We can compare the price of AMD stock with the price of Bitcoin. AMD provides value to customers in the form of high-end graphic cards,  CPU and other PC equipment.

AMD has been very innovative  with the Ryzen lineup and RX 6000 series cards. As a result they've been agreesively increasing their market share for years. And the price of their stock natually went up .

In the case of AMD, there's a  cause-and-effect relationship between the stock price and increased customer value made possible by innovation.  AMD is now making better cards, more affordable CPU's, and they're reaping the benefits as the PC market rewards them.

That's what's driving the price of the AMD stock; there's a direct cause-and-effect relationship between the increased price and increased customer value. People are benefiting and using those innovations in the real world.

Compare that to Bitcoin. What drives the price of Bitcoin at the moment?
Speculation drives its price – not customer value as in the case of AMD.

People are buying Bitcoin solely because they think the price is going to increase. As more people demand Bitcoin, its price is indeed going to to go up.  Then even more people are going to buy it, in hopes of getting rich quick.

When a high price point is reached and there are no more buyers for Bitcoin, we can expect a crash of enormous proportions as people massively start to sell in panic

It's a bubble. Real estate and  stocks and are no immune to bubbles, and at times they should also be avoided when they become overvalued as in the case of Bitcoin.

The problem with Bitcoin is that its price is massively overvalued right now thanks to corona uncertainty. Bitcoin is about to crash.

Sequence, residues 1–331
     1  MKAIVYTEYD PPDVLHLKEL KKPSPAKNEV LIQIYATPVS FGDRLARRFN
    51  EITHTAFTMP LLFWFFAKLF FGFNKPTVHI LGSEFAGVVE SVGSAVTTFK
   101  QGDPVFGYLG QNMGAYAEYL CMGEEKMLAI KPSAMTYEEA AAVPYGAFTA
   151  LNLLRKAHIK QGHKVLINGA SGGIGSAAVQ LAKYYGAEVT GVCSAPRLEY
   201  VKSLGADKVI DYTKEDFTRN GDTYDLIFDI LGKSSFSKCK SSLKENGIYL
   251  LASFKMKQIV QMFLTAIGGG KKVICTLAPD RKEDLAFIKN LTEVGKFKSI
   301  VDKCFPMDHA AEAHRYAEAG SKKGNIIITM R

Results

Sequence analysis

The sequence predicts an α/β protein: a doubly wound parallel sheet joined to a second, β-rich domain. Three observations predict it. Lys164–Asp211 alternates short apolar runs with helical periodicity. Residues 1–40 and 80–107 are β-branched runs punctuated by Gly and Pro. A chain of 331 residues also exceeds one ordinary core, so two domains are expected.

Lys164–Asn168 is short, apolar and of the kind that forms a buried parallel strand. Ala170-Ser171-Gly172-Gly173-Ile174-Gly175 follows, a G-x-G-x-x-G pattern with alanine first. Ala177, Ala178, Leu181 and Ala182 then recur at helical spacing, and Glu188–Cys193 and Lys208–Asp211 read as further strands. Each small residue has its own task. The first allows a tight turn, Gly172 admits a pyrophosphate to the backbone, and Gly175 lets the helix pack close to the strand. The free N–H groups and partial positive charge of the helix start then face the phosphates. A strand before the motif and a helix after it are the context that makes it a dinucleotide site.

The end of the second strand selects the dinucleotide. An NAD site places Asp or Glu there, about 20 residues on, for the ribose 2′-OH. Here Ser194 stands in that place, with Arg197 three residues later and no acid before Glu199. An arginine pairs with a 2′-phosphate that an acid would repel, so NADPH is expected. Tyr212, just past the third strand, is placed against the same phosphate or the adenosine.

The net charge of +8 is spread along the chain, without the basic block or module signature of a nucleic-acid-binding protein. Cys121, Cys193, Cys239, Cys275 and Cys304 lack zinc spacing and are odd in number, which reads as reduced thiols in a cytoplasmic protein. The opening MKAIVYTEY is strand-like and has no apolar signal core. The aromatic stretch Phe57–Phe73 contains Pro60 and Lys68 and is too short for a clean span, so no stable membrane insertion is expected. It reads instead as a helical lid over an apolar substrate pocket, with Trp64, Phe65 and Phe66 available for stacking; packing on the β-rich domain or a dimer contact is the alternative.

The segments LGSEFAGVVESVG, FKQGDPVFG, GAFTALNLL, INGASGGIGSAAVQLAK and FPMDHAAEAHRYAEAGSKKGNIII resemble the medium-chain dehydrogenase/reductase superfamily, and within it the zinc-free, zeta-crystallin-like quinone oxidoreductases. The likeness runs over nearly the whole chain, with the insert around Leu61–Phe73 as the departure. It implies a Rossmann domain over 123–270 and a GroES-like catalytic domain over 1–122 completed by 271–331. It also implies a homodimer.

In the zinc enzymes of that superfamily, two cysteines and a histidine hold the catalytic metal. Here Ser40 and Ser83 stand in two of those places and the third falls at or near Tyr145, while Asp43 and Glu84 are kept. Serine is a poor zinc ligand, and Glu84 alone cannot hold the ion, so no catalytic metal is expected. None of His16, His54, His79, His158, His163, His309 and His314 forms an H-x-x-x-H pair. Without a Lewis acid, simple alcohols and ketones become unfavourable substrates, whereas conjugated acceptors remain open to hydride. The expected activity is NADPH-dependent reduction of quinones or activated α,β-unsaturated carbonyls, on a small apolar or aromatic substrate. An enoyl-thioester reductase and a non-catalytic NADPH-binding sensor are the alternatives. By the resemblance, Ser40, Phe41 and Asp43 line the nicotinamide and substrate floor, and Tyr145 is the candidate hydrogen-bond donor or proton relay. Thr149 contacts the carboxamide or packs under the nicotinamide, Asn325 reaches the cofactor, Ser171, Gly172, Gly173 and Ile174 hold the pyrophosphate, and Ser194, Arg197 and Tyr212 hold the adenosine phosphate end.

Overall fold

"Bitcoin has been characterized as a speculative bubble by eight winners of the Nobel Memorial Prize in Economic Sciences: Paul Krugman,[12] Robert J. Shiller,[13] Joseph Stiglitz,[14] Richard Thaler,[15] James Heckman,[16] Thomas Sargent,[16] Angus Deaton,[16] and Oliver Hart;[16] and by central bank officials including Alan Greenspan,[17] Agustín Carstens,[18] Vítor Constâncio,[19] and Nout Wellink.[20]"
I've already granted you that bitcoin is a bubble, although I see it that it's just starting to form and you see that it's about to bust, how about we put bitcoin out of the equation for now, let's talk about the other cryptocurrencies that have tangible products, Altcoins.
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Offline domi

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Re: Does Bitcoin have the potential to replace fiat?
« Reply #16 on: 23 02, 2021, 09:06:41 am »
I really don't get your point on how trading crypto is any different from trading stocks, please elaborate on this point.

I'm talking about investing in something like an index fund which is representative of the market. The difference is simple:  with stock market there's a track record of consistent growth that goes back more than a century. The underlying stocks usually provide direct value to customers, but some individual stocks can still be overvalued.

Nonetheless, in this case we are not putting our eggs in one basket, so even if individual stocks underperform, we rely on the performance of the entire market. There's mitigation of risk.

How about retiring as a millionaire in a couple of years instead of decades?

Unless they are already millionaires, people need to gamble most of their savings in hopes of getting rich quick with crypto. Not a wise choice considering the risk.

I'm not saying it's impossible, but even if they get extremely lucky, they can still lose their money next time they perform high-risk trades. So the overall return wouldn't be impressive.

It makes more sense to invest money in a less risky way. Index funds represent the overall market (e.g. S&P 500), which has been going up for a very, very long time. You will almost certainly make money if you stick to it. There's no gambling. Buying real estate is another way to perform a lower risk investment.

In comparison, gambling with crypto can be fun, if it's only a small part of one's portfolio.  But we have people who put their entire savings into it, and that's just wrong.
These predictions are based on Technical analysis, Fundamental analysis and Sentiment analysis.

These financial tools don't guarantee anything when it comes to risky trades. That's why most day traders lose money in the long run.
« Last Edit: 23 02, 2021, 09:28:38 am by domi »